Sorry, reality fans. This isn't a story about Ms. Hilton's latest employment odyssey on Fox'sSimple Life.
Today we're just going to update you on a pair of companies from the Motley Fool Hidden Gems portfolio of also-rans. Neither Parlux Fragrances
Smells like teen profits
The company responsible for bottling the essence of Paris, Parlux reported a 25% bump in revenues and a 73% increase in profits in fiscal 2005 from the prior year. Not all of this filtered down to the per-share level, though, because the company continued its diluting ways, ending the year with 7.6% more shares than it had at the beginning of the year. Parlux credited its Perry Ellis, XOXO, and Paris Hilton perfume brands with producing much of the profits, and promised continued growth. It will introduce new fragrances, branded GUESS? and Maria Sharapova, as the year progresses. It will also release a line of watches and leather goods under the Paris Hilton name.
Of greatest importance to investors, however, is the news that Parlux's products are now gaining broader market acceptance. For the past two years, Parlux's sales (to related and unrelated parties) have split nearly 50-50. But there was a marked divergence between the two markets during the past three months, with related-party sales declining 10% and sales to independent parties nearly doubling.
Profit from peril
Like Parlux, protective clothier Lakeland turned in a none-too-shabby performance yesterday. For the first quarter of its 2006 fiscal year, profits increased 20% over the year-ago period. Also like Parlux, share dilution was felt at the per-share level -- but not dilution of the stock-options kind. As we've previously written, Lakeland conducted a secondary stock offering last year, and recently completed a "stock dividend." Combined, those two actions added 1.7 million new shares to its share count, and with so many more shares among which to divide earnings, per-share profits necessarily declined this quarter, down 15% year over year to $0.34 per diluted share.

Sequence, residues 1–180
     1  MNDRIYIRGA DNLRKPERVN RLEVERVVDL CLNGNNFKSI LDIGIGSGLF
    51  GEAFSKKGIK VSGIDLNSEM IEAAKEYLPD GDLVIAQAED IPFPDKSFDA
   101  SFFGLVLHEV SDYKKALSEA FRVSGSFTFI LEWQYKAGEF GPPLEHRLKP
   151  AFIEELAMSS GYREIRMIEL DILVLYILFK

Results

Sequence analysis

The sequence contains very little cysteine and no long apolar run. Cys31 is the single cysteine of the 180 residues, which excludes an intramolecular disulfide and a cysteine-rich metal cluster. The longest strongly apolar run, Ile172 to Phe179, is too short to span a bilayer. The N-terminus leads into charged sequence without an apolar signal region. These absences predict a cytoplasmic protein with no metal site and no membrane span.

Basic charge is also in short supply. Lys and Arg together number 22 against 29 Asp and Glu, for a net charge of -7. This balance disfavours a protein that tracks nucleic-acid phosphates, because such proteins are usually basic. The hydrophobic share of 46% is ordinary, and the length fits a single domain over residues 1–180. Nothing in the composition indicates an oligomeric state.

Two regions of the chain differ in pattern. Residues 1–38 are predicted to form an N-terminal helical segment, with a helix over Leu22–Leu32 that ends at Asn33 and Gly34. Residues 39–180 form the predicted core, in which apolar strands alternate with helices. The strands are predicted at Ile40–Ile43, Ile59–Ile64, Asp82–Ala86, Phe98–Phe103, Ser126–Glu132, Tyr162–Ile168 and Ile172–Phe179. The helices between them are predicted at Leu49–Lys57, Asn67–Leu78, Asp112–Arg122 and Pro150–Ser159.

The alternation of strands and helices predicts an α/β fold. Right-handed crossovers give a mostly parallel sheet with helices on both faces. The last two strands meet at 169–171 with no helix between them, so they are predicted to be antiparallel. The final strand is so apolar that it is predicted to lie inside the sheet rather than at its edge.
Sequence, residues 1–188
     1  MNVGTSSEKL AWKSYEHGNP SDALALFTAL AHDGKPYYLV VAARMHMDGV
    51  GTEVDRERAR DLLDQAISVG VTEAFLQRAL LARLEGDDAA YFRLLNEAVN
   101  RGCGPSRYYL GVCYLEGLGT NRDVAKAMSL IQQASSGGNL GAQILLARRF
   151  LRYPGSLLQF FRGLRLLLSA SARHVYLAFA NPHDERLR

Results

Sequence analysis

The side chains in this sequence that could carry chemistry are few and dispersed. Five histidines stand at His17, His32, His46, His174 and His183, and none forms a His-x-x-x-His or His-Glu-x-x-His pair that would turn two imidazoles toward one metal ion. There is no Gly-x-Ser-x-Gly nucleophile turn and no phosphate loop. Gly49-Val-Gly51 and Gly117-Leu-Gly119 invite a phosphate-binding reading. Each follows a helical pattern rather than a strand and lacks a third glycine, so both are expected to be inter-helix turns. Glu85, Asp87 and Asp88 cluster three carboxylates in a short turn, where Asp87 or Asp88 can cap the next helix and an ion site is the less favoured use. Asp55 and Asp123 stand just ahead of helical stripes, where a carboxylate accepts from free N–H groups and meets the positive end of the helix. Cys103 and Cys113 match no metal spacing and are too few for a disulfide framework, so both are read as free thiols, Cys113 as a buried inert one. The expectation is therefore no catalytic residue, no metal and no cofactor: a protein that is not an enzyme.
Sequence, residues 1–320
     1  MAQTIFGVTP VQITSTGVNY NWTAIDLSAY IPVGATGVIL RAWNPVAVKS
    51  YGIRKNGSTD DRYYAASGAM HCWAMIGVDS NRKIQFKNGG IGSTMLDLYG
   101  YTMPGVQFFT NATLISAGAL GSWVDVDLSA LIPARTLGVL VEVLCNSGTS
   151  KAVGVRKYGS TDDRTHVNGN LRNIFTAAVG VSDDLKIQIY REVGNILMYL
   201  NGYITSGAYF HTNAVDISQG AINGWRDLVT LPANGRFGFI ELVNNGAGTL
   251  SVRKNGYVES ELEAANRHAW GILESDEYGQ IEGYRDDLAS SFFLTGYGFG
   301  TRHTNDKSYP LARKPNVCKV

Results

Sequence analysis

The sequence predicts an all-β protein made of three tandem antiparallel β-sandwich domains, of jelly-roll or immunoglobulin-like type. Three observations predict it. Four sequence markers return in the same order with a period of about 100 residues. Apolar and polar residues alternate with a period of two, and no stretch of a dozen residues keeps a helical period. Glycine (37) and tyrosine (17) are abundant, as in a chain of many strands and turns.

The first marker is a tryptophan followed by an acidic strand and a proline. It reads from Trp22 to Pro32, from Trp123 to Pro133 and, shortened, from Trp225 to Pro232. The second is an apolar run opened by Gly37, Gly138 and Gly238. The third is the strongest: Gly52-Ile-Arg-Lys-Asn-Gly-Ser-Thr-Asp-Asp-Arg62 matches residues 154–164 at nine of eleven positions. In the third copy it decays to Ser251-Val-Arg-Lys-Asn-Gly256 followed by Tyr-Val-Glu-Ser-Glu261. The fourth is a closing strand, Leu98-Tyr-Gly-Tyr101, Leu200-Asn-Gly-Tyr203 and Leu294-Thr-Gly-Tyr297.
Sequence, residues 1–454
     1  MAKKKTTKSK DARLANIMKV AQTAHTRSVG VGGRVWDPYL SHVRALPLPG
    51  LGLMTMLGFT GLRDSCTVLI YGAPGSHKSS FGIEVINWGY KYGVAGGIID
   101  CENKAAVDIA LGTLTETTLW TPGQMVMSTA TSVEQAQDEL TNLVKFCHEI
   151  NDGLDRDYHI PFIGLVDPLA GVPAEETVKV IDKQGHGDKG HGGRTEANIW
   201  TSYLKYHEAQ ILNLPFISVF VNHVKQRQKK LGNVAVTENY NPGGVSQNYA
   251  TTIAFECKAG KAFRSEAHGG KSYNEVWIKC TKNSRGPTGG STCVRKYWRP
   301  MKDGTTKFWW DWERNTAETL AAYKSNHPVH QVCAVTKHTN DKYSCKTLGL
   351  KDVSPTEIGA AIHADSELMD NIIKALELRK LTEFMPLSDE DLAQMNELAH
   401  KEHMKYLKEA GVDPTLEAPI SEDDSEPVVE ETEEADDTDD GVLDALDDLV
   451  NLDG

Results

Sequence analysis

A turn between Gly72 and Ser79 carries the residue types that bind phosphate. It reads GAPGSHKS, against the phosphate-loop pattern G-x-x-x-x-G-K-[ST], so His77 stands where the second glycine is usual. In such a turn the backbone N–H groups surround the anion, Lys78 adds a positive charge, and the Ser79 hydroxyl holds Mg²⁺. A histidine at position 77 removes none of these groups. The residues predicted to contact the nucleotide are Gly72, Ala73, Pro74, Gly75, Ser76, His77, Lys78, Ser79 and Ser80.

That said, Foolish investors should keep their eyes on the ball. Lakeland's dilution is well-explained and reasonably well-paid-for -- and its business purpose benefited existing shareholders (raising funds with which to pay down debt), so the drop in per-share earnings becomes a non-issue. This time, it's better to focus on the 20% firm-wide profits growth.
For more on these two little-noticed companies, read:
- Three Tiny Treasures
- Fulfilling Float for Lakeland
- The Smell of Success
- Parlux's New Fragrance: Paris Hilton?
At Motley Fool Hidden Gems, we keep track of even the tiniest of our picks -- and as you can see from the above, the tiniest of our not-quite picks, as well. Afree trial is yours for the asking. Fool contributorRich Smithowns no shares in any company mentioned in this article.